Over 90% of Australians have Set Financial Goals for 2023, CommBank Research Reveals

As new CommBank research reveals top financial New Year’s resolutions for Australians, CBA’s Chief Behavioral Scientist explains “some practical strategies to help achieve New Year’s goals.”

With cost of living pressures top of mind, new consumer research released by Commonwealth Bank reveals Australians are “looking to reduce expenses, increase savings and lift their incomes as part of their New Year’s resolutions.”

The research highlighted:

  • 9 in 10 (93 per cent) Australians have a financial goal for the New Year
  • 1 in 2 (51 per cent) say their top financial goal is to reduce living costs and expenses
  • 1 in 2 (50 per cent) want to spend less on non-essential items
  • 4 in 10 (41 per cent) wish they were more disciplined to save more regularly
  • 4 in 10 (41 per cent) want to find ways to earn extra income

CBA Chief Behavioral Scientist, Will Mailer, said:

“It’s that time of year when millions of Aussies will make New Year’s resolutions to get on top of their money, get in shape, or to live a greener lifestyle. Sadly, we also know that a huge number of these resolutions won’t make it to February, as statistics historically show that many of us fall back into old habits in the first weeks of the year.”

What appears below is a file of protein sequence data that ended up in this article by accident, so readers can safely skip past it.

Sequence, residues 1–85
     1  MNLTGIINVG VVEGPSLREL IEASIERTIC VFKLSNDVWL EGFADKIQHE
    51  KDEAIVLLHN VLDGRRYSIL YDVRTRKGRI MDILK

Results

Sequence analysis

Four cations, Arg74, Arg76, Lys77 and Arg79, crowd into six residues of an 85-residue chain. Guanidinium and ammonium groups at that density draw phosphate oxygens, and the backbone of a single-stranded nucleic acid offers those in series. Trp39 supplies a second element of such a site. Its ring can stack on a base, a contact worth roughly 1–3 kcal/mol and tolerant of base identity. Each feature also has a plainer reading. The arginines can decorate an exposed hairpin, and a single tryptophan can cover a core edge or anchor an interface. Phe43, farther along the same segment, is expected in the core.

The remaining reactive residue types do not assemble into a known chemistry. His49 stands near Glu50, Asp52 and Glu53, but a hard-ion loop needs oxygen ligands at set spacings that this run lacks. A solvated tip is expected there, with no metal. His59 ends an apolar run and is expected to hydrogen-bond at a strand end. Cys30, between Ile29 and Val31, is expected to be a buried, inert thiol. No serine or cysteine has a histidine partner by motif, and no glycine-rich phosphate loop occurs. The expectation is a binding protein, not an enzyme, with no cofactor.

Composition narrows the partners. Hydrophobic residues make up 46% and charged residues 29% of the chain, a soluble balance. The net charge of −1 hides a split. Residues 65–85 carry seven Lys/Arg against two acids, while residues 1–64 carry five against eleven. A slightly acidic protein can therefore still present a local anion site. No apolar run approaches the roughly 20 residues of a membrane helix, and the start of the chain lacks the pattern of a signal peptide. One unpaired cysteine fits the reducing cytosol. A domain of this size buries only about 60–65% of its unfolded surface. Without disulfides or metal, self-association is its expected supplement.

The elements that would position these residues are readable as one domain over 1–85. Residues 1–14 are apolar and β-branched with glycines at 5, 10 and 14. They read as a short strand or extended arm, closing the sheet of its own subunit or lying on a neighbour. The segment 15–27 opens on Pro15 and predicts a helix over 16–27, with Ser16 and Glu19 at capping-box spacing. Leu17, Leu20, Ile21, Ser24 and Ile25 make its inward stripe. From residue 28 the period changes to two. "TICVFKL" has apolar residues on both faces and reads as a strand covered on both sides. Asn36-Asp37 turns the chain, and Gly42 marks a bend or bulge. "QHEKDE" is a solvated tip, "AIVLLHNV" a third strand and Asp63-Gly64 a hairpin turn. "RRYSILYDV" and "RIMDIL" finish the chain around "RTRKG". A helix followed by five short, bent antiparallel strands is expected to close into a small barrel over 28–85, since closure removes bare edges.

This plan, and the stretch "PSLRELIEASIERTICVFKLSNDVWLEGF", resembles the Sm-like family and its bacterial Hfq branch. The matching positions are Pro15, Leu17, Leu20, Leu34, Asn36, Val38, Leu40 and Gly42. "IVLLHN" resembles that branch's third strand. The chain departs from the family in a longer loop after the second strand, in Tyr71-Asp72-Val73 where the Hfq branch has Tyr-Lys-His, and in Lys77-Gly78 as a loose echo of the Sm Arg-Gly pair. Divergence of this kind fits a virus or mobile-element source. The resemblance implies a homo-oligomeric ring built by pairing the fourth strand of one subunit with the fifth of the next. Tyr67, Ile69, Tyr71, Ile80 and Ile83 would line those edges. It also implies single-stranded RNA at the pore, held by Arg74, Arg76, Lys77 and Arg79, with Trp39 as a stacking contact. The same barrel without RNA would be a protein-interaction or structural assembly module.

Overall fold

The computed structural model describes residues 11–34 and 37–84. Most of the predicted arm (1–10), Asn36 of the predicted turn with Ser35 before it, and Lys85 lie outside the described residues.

Mr Mailer said CBA’s Behavioral Science team is constantly “analyzing data, working with research partners and developing new tools and services to help customers achieve their financial goals.”

The CommBank app now “includes a range of services to help with feedback on spending (Transaction Notifications), cap spending (Lock, Block and Limit), set and pursue goals (Goal Tracker), find unclaimed money (Benefits Finder) and see what bills are around the corner (Bill Sense), and noted some strong results had been achieved through the Bank’s Goal Tracker savings tool.”

Mr Mailer said:

“Behavioral scientists have spent decades looking at why we so often plan to make lifestyle improvements, only to then overspend on the weekend and skip our gym visit. These insights help us to set up strategies that will increase the likelihood that those health, wealth and professional goals actually become regular behaviours and stick over time.”

He continued:

“We are certainly seeing demand for tools and services that help people to more consistently follow through on financial goals. New data2 from our CommBank app shows the number of new goals created via Goal Tracker in 2022 was 30 per cent higher than 2021. Critically, the data also tells us that 8 in every 10 of those saving goals was achieved.”

Mr Mailer said any time of the year “could be a good time to set a new financial goal, but behavioral science research shows that ‘fresh start’ dates like January are among the most popular periods.”

Chief Behavioral Scientist Will Mailer commented:

“One of the mistakes we make is to be too vague in our resolutions. Saying we want to ‘get in shape’ or ‘get on top of our money’ is very hard for us to track, and does not provide a good starting point. Break down big goals into the one or two very specific behaviours that you will need to change. This might be saving a certain per cent of your pay each payday or to limit online shopping to a set day each week, with a nominated weekly spend limit. Where possible set up ways to track and measure these behaviours over time.”

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